By Carl HoweAs we're waiting for Google (GOOG) to report earnings today, I got to thinking about how my perception of the company has changed over the years. When I first started using Google as a researcher and Web hosting manager at Bolt Beranek and Newman (BBN) in 1995, I thought Google was just a really nice Stanford project to find Internet data. Yet, day by day over the past 12 years, Google has continued to build more projects and services that are as much a part of the Internet life as breathing. Today, I think there's a much better way to think about Google, both as a technology and a business:
Google is THE barometer of the Internet. It's like a one-stock index fund -- you buy Google, and you buy the entire Internet economy.
Think about it. Google now does more than half of all Internet searches daily and gains market share daily. Google's AdSense business is what offsets the costs of creating millions of new Web pages every day. Google's AdWords business allows small businesses to reach millions of new Internet customers through an advertising medium that is an order of magnitude more efficient than any other. Google News gives anyone access to nearly any news story written within minutes world-wide. Google's YouTube has become the video portal of our culture. And the list of services goes on and on.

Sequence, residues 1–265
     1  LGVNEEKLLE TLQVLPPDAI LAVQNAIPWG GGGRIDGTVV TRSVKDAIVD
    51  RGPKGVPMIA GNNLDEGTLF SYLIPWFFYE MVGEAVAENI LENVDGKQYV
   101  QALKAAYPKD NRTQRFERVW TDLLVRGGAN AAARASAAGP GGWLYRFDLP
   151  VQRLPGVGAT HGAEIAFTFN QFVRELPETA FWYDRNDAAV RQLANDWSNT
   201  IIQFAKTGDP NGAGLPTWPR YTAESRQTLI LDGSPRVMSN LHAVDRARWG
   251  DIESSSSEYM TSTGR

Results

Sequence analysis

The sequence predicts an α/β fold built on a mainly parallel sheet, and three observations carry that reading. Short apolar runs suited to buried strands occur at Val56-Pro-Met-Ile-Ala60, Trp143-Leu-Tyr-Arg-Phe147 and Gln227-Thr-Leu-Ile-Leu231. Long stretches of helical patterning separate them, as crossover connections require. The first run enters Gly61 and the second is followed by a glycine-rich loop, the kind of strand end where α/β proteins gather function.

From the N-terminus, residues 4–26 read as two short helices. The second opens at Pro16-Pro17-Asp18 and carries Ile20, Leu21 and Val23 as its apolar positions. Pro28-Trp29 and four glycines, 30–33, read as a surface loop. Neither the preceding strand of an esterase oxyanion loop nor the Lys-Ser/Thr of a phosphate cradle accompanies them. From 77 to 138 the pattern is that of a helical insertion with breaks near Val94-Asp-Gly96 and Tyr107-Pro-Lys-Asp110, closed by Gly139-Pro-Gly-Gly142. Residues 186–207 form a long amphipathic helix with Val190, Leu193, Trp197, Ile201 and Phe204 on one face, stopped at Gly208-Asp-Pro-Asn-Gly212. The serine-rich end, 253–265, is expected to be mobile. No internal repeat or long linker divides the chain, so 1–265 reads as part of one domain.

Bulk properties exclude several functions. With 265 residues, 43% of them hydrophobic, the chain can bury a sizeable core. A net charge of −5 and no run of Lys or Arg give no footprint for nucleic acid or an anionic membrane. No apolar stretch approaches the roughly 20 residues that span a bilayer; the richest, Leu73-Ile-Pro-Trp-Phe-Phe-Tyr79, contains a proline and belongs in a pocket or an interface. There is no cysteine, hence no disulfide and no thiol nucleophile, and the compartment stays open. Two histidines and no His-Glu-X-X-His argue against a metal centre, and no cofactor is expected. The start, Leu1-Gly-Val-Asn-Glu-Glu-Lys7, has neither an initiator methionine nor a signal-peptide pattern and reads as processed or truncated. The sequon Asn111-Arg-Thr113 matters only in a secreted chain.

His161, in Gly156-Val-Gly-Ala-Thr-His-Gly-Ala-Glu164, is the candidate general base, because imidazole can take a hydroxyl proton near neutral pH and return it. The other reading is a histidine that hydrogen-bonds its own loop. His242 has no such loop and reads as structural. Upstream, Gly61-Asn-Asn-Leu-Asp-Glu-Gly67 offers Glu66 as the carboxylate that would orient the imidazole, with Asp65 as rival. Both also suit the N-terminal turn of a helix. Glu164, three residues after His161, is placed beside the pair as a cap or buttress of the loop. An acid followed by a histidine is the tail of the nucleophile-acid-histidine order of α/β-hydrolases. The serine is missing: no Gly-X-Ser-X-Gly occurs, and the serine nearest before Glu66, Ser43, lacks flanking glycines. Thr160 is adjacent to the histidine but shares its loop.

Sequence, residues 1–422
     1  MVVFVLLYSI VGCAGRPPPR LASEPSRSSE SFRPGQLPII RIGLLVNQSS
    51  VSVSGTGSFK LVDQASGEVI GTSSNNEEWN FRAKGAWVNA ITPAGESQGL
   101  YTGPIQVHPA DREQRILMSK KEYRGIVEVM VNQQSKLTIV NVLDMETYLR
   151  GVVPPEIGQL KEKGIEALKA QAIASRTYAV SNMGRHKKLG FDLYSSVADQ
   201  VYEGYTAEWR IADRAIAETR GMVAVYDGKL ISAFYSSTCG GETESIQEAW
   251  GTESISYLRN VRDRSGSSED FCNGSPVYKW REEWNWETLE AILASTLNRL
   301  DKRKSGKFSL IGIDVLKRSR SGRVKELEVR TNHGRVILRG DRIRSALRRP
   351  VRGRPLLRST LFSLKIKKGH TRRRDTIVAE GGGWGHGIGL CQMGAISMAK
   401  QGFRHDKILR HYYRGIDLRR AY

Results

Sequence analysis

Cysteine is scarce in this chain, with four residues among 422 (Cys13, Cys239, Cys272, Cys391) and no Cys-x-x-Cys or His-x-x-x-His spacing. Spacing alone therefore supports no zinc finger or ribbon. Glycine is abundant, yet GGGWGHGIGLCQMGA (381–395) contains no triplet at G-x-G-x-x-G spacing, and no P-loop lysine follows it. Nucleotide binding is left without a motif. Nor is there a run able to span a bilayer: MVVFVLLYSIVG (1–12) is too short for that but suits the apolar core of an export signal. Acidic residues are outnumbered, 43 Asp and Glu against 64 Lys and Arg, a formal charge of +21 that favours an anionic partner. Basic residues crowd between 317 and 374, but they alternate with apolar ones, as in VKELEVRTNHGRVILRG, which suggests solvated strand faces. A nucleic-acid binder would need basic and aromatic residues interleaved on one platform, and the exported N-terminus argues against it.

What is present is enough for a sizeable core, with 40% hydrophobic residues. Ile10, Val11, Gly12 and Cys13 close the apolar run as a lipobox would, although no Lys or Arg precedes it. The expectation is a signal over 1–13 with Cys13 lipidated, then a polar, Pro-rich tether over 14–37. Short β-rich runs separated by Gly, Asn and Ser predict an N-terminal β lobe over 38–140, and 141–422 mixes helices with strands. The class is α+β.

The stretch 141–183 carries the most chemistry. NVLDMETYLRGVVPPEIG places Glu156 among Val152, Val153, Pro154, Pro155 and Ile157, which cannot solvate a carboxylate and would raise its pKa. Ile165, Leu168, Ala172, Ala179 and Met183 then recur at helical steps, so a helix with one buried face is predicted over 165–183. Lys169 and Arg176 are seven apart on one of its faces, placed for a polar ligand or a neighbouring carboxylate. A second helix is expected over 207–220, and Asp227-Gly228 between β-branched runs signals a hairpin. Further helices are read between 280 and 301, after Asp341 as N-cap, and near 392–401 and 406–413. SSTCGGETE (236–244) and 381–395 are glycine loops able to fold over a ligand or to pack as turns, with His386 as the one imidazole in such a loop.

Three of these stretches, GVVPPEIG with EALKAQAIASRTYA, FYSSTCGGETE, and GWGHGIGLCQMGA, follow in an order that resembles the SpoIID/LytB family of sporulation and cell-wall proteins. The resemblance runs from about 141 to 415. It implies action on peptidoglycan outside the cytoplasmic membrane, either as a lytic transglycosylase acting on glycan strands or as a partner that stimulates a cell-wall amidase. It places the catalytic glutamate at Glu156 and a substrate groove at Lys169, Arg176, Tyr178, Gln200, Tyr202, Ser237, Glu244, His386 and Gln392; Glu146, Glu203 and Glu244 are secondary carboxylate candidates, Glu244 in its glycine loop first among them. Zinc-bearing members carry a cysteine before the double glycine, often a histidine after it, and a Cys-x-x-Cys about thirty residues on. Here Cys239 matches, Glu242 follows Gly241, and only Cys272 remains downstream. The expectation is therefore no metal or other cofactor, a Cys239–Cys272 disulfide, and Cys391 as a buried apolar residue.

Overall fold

Now if Google just provided great services, that wouldn't make it the barometer of the Internet -- it would just be a piece of it. But now do this thought experiment: Considering all the services Google provides -- search, indexing, analytics, sitesearch, ads, maps, Google Earth, print advertising, etc. -- if Google were to disappear tomorrow, what would happen to the Internet? I just did a quick survey of 12 random Web sites (thanks randomwebsite.com), and 25% of them had source code that linked to some Google service. Other data says that 75% of all traffic to Web sites comes from Google search; being dropped from Google's index can be like having your business phone disconnected -- it almost puts you out of business. Google, like it or not, has become the indispensable Internet OS, routing everyone to where they want to go.
So will Google blow out earnings today? I'll bet they will. Why? Because the Internet is growing bigger every day -- and that means Google is getting bigger and more important every day too. How big is that? I don't know, but wait a sec; I'll Google it and find out.
Full disclosure: the author has no position in Google at the time of writing.